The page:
The Theosophists at Maligawa
The Ceylon Times, June 30, 1880
Sir,—May I hope to be allowed the same number of lines in the columns of your valuable paper, for the refutation of a mis-statement—misled no doubt by an untruthful correspondent—you have devoted to the affirmation of the same? The paragraph published in your issue of June 22, under the title of “The Theosophists at Maligawa,” must have been originally intended for the columns of the Observer, where experience has warned us to expect neither decency nor impartiality, and we are surprised at nothing. But to find in a respectable paper like the Times an odiously malicious reflection upon myself quite another affair. I appeal to you as a gentleman to remove the wrong impression made by it upon the public mind.
Colonel Olcott lost nothing at the Dalada Maligawa, neither “rosette” nor anything else. In the surging crowd a hand suddenly snatched from the breast of Mr. Padshah, one of the Parsee gentlemen accompanying us, the silver and gold badge of the Theosophical Society. It was so quick that he could not distinguish the hand, and as the object was worth not above a few rupees, his first thought shared subsequently by all of us was that it was an act of pure malice. This suspicion was in a measure warranted by the disgraceful behaviour of the native Christian party on the preceding evening at the Town Hall, where Colonel Olcott lectured to an audience which we believed was to have been composed only of gentlemen.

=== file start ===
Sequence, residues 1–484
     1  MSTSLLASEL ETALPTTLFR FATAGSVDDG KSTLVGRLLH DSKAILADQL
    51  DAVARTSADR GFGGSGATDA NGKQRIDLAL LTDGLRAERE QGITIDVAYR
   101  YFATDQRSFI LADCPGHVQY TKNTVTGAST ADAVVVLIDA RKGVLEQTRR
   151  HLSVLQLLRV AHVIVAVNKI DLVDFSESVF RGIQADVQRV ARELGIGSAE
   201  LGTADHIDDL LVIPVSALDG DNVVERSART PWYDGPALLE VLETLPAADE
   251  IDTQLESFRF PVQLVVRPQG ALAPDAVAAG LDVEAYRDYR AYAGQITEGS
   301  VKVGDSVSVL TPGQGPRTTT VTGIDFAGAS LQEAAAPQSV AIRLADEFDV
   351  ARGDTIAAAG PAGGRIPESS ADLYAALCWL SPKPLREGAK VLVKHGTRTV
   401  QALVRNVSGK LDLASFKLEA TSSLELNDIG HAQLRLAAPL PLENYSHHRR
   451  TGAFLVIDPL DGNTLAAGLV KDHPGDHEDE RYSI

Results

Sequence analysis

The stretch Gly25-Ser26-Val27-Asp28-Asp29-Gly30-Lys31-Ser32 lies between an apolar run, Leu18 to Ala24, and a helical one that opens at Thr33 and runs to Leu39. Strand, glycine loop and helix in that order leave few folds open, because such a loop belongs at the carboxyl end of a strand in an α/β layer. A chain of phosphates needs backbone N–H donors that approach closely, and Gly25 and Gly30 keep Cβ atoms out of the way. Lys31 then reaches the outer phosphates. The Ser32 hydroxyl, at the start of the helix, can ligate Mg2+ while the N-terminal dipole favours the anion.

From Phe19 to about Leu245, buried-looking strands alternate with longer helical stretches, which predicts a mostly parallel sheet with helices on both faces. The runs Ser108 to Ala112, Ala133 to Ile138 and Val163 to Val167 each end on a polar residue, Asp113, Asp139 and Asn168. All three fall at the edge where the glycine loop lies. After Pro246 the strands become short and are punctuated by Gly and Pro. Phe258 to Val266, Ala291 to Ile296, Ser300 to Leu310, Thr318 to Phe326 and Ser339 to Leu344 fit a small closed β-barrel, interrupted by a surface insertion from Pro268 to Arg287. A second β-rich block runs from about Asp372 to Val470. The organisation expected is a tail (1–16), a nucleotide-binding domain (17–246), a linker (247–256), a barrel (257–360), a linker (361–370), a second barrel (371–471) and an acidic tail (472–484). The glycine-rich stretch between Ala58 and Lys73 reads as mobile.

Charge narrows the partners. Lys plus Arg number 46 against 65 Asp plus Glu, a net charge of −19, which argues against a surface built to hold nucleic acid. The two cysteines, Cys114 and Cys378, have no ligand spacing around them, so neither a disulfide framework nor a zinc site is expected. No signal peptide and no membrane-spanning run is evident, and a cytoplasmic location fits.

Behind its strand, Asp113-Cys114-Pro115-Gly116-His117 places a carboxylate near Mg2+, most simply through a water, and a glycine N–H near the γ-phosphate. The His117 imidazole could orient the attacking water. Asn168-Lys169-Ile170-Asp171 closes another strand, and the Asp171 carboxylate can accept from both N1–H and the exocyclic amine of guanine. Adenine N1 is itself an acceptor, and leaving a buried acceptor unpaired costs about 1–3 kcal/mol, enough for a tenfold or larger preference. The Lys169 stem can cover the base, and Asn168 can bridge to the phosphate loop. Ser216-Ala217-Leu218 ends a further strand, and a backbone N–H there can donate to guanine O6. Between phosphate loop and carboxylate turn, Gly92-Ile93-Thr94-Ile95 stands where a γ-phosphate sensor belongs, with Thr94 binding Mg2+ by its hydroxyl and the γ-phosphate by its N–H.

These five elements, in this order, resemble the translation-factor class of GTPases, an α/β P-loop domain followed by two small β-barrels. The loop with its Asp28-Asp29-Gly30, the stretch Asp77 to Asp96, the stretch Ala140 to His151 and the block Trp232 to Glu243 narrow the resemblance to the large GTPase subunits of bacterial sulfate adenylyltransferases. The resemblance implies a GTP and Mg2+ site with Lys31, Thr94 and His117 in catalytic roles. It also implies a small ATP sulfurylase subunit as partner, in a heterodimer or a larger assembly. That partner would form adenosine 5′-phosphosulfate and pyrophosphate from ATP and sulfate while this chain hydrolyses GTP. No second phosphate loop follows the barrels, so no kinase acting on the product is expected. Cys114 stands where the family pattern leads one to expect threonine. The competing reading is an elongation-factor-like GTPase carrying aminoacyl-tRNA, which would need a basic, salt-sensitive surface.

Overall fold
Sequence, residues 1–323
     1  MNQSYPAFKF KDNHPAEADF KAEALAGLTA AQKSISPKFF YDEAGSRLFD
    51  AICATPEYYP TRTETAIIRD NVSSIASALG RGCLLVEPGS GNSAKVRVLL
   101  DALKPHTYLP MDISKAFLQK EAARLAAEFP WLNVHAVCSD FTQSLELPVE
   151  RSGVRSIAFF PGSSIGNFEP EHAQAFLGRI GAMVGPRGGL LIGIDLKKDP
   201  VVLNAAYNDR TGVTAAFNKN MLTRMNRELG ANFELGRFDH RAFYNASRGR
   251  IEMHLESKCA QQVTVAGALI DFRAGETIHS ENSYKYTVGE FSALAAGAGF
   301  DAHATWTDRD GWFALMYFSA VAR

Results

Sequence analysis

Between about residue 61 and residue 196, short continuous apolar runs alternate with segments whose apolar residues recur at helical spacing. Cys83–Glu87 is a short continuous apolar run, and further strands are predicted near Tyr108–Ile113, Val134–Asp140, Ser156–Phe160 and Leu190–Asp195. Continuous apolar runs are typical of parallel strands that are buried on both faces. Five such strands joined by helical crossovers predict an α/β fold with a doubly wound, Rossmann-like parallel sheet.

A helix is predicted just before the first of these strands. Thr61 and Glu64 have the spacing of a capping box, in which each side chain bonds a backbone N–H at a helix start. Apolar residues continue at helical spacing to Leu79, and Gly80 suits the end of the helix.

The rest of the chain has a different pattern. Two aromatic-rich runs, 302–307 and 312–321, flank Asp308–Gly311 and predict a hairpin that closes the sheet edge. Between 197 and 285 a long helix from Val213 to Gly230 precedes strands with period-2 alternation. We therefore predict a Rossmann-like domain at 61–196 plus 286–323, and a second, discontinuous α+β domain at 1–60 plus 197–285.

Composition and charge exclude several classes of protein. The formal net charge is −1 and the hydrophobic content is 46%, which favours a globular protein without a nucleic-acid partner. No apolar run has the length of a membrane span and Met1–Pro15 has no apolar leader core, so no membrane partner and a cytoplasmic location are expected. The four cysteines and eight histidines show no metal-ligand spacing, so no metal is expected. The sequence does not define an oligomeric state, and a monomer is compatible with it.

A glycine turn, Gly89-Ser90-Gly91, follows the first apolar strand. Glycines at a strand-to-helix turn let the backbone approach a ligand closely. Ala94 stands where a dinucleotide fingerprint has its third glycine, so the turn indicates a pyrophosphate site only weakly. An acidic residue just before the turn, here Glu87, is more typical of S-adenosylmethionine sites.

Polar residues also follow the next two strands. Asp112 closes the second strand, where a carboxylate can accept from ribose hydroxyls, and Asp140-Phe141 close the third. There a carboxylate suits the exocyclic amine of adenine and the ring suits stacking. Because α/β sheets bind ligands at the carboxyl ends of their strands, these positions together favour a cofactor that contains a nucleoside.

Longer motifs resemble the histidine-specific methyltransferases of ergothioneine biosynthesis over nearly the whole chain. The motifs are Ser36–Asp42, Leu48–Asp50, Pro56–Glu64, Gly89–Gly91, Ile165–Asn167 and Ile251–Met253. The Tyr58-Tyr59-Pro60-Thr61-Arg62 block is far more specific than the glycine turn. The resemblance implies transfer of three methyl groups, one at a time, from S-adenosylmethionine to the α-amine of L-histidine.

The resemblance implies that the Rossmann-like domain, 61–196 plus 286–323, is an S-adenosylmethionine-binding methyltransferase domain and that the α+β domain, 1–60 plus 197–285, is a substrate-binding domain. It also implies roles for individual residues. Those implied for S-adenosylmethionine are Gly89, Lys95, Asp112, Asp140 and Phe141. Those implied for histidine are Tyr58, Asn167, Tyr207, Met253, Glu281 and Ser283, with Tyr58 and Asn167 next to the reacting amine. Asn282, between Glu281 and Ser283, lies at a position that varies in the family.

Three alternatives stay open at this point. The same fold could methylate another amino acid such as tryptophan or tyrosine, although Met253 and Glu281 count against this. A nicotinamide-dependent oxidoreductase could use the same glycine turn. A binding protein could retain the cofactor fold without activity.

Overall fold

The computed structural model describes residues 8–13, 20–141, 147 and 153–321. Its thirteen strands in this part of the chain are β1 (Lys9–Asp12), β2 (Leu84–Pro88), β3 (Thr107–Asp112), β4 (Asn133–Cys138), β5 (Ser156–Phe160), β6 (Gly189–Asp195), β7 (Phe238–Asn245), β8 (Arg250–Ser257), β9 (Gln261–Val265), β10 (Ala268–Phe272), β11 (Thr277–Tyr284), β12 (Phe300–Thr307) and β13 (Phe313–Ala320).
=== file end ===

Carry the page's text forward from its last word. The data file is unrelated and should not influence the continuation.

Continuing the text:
(Parenthetically I will now notice one of the twenty-three fibs of the Observer. Not only was the lecturer on that occasion not asked why he had “for the last hour been abusing Christianity,” but—as the printed lecture will show—he had not even so much as mentioned either Christianity or Christians. Nevertheless, at the close of the evening’s proceedings a clique of these obstreperous zealots made such a row, and hissed so, that the indignation of even the European Christian gentlemen present, including a high official, was provoked, and they came forward and apologized to us.)
So, when I heard the episode of the badge, I most certainly regarded it as an insult offered by either some native Christian convert or Burgher, and I said so. But I neither addressed myself to the Dewa Nilame nor were we near the relic. I had the arm of Mr. Wimbridge and was leaving the temple by the main entrance when we met the European Manager of the European Kandy Club, and told him the story. There were some young Englishmen standing by; but to say that I even indirectly indicated either of them as the culprit, is simply falsehood. Should they read these lines, I appeal to their sense of honour and justice to corroborate me.
The fact is, that from the moment we set foot on the Island of Ceylon—six weeks ago—we have been preached against by the Missionaries and attacked by their organs, with the Observer at their head. They have shrunk from neither calumny, falsehood, slander, nor vile innuendo; not once has either of these journals given a truthful account of what we have done or said. And so, as regards the Maligawa story, in the concluding words of the Times‘ paragraph which I so emphatically protest against—“the motive is not difficult to guess.”
Galle, June 25.
H. P. BLAVATSKY.